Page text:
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THE PRIMROSE AND BRAMBLE.
“ Alas! thou poor unhappy thing,
Not bless'd with either thorn or sting,
What shall protect, if this lone shade
The trav’ller's trampling feet invade?
Me should he dare to touch, with speed
He should repent th' audacious deed :
Such insolence I'd soon repay,
And send him bleeding hence away.”
His boast the primrose meekly hears,
Nor felt from thence uneasy fears ;
Since thorns she deem'd a less defence
Than unoffending innocence.
Ere long, to shun Sol's scorching rays,
Close to the hedge a trav’ller strays :
The bramble did as she had plann'd,
And deeply scratch'd his passing hand.
The man, resentful of the deed,
Soon rooted up the worthless weed;
Toss'd it, indignant, from his sight,
That none might suffer from its spite :
While undisturb’d the primrose blooms,
And all admire its sweet perfumes.
My dearest child! the tale attend,
And learn this maxim from a friend,
This maxim often taught in vain, -
“ Ill-nature still produces pain :
At others though she aims her dart,
It turns, and pierces her own heart;
While meekness does the soul engage,
Admir'd, belov’d, in youth or age.”
The Bee, Ant, and Sparrow.
On a bright dewy summer's morn,
A bee rang'd o'er the verdant lawn;
Studious to husband ev'ry hour,
And make the most of ev'ry flower.
Nimble from stalk to stalk she flies,
And loads with yellow wax her thighs,
With which the artist builds her comb,
And keeps all tight and warm at home;
Or from the cowslip's golden bells
Sucks honey to enrich her cells ;
Or ev'ry tempting rose pursues,
Or sips the lily's fragrant dews;
Yet never robs the shining bloom
Or of its beauty or perfume.
Thus she discharg'd, in every way,
The various duties of the day.
It chanced a frugal ant was near,
Whose brow was wrinkled o'er with care;
A great economist was she,
Nor less laborious than the bee :
By prudent parents often taught
What ills arise from want of thought;
That poverty on sloth attends,
On poverty the loss of friends.
Hence ev'ry day the ant is found
With anxious steps to tread the ground;
With curious search to trace the grain,
And drag the heavy load with pain.
THE BEE, ANT, AND SPARROW.
The active bee with pleasure saw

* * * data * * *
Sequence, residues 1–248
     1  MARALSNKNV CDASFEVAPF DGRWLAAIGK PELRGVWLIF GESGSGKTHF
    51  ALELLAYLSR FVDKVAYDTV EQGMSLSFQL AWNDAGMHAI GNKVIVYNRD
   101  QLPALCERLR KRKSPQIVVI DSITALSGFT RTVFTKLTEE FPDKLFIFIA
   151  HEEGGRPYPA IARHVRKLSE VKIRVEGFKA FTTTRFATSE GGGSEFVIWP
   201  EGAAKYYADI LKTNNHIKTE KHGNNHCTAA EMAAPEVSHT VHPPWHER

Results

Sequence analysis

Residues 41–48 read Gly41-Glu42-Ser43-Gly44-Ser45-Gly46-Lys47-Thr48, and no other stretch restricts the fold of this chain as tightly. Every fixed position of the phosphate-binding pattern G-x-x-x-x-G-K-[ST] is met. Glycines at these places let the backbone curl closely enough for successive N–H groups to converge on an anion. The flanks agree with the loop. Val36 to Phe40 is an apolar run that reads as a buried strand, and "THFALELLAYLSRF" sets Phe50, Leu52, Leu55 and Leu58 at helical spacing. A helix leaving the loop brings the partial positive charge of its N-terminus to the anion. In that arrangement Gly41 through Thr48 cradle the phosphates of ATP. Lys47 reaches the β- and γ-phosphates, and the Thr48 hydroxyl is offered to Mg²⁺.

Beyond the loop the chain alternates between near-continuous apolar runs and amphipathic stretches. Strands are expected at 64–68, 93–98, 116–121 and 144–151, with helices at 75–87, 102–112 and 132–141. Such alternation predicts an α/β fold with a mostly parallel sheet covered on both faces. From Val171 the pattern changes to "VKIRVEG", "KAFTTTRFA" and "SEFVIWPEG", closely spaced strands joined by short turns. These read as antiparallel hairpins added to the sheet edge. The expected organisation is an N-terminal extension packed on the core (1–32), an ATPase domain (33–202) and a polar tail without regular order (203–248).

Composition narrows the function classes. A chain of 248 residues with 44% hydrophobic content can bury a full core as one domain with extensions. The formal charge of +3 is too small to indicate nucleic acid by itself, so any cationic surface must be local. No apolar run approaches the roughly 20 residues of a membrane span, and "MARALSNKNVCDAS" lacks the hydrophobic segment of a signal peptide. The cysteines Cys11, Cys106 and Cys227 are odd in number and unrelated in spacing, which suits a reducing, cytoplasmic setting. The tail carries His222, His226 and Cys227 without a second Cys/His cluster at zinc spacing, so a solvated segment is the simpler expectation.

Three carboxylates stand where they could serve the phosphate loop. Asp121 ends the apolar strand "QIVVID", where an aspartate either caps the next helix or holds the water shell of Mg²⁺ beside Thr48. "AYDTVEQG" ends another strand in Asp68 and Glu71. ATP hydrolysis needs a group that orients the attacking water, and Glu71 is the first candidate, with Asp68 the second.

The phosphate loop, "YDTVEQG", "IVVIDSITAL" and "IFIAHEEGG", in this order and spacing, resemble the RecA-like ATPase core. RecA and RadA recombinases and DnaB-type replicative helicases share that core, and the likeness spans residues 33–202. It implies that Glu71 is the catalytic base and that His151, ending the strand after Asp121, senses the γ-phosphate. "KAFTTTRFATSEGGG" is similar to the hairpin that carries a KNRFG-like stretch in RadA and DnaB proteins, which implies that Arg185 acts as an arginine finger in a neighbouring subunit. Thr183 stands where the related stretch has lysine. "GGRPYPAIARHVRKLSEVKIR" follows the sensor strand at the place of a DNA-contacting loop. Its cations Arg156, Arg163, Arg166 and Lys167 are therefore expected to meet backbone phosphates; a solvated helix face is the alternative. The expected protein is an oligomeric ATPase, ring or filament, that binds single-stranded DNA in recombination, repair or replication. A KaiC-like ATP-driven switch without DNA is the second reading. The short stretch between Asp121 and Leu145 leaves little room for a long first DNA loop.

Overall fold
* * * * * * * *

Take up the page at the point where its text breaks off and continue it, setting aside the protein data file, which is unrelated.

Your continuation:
The ant fulfil her parent's law :
“ Ah! sister-labourer,” says she,
“How very fortunate are we,
Who, taught in infancy to know
The comforts which from labour flow,
Are independent of the great,
Nor know the wants of pride and state !
Why is our food so very sweet?
Because we earn before we eat.
Why are our wants so very few ?
Because we nature's calls pursue.
Whence our complacency of mind ?
Because we act our parts assign’d.
Have we incessant tasks to do?
Is not all nature busy too?
Doth not the sun, with constant pace,
Persist to run his annual race?
Do not the stars, which shine so bright,
Renew their courses ev'ry night?
Doth not the ox obedient bow
His patient neck, and draw the plough?
Or when did e'er the gen'rous steed
Withhold his labour, or his speed ?
If all nature's system scan,
The only idle thing is man.”
A wanton sparrow long'd to hear
Their sage discourse, and straight drew near ;
The bird was talkative and loud,
And very pert, and very proud :
As worthless and as vain a thing,
Perhaps, as ever wore a wing.
She found, as on a spray she sat,
The little friends were close in chat;
That virtue was their fav’rite theme,
And toil and probity their scheme.
She thought them arrant prudes at best;
Such talk was hateful to her breast :
When, to display her naughty mind,
Hunger with cruelty combin'd,
She view'd the ant with savage eyes,
And hopt, and hopt, to snatch her prize.
The bee, who watch'd her op’ning bill,
And guess'd her fell design to kill,
Ask'd her from whence her anger rose,
And why she treated ants as foes ?
The sparrow her reply began,
And thus the conversation ran :
“Whenever I'm disposed to dine,
I think the whole creation mine;
That I'm a bird of high degree,
And ev'ry insect made for me.
Hence oft I search the emmet-brood;
For emmets are delicious food;
And oft, in wantonness and play,
I slay ten thousand in a day.”
A prowling cat the miscreant spies,
And wide expands her amber eyes :
Near and more near grimalkin draws;
She wags her tail, portends her paws;
Then, springing on her thoughtless prey, She bore the vicious bird away.
Thus, in her cruelty and pride, The wicked wanton sparrow died.
John GILPIN was a citizen
Of credit and renown,
A train-band captain eke was he
Of famous London town.
John Gilpin's spouse said to her dear,
“Though wedded we have been These twice ten tedious years, yet we
No holiday have seen.
To-morrow is our wedding-day,
And we will then repair Unto the Bell at Edmonton
All in a chaise and pair.
My sister, and my sister's child,
Myself, and children three,
Will fill the chaise; so you must ride
On horseback after we.”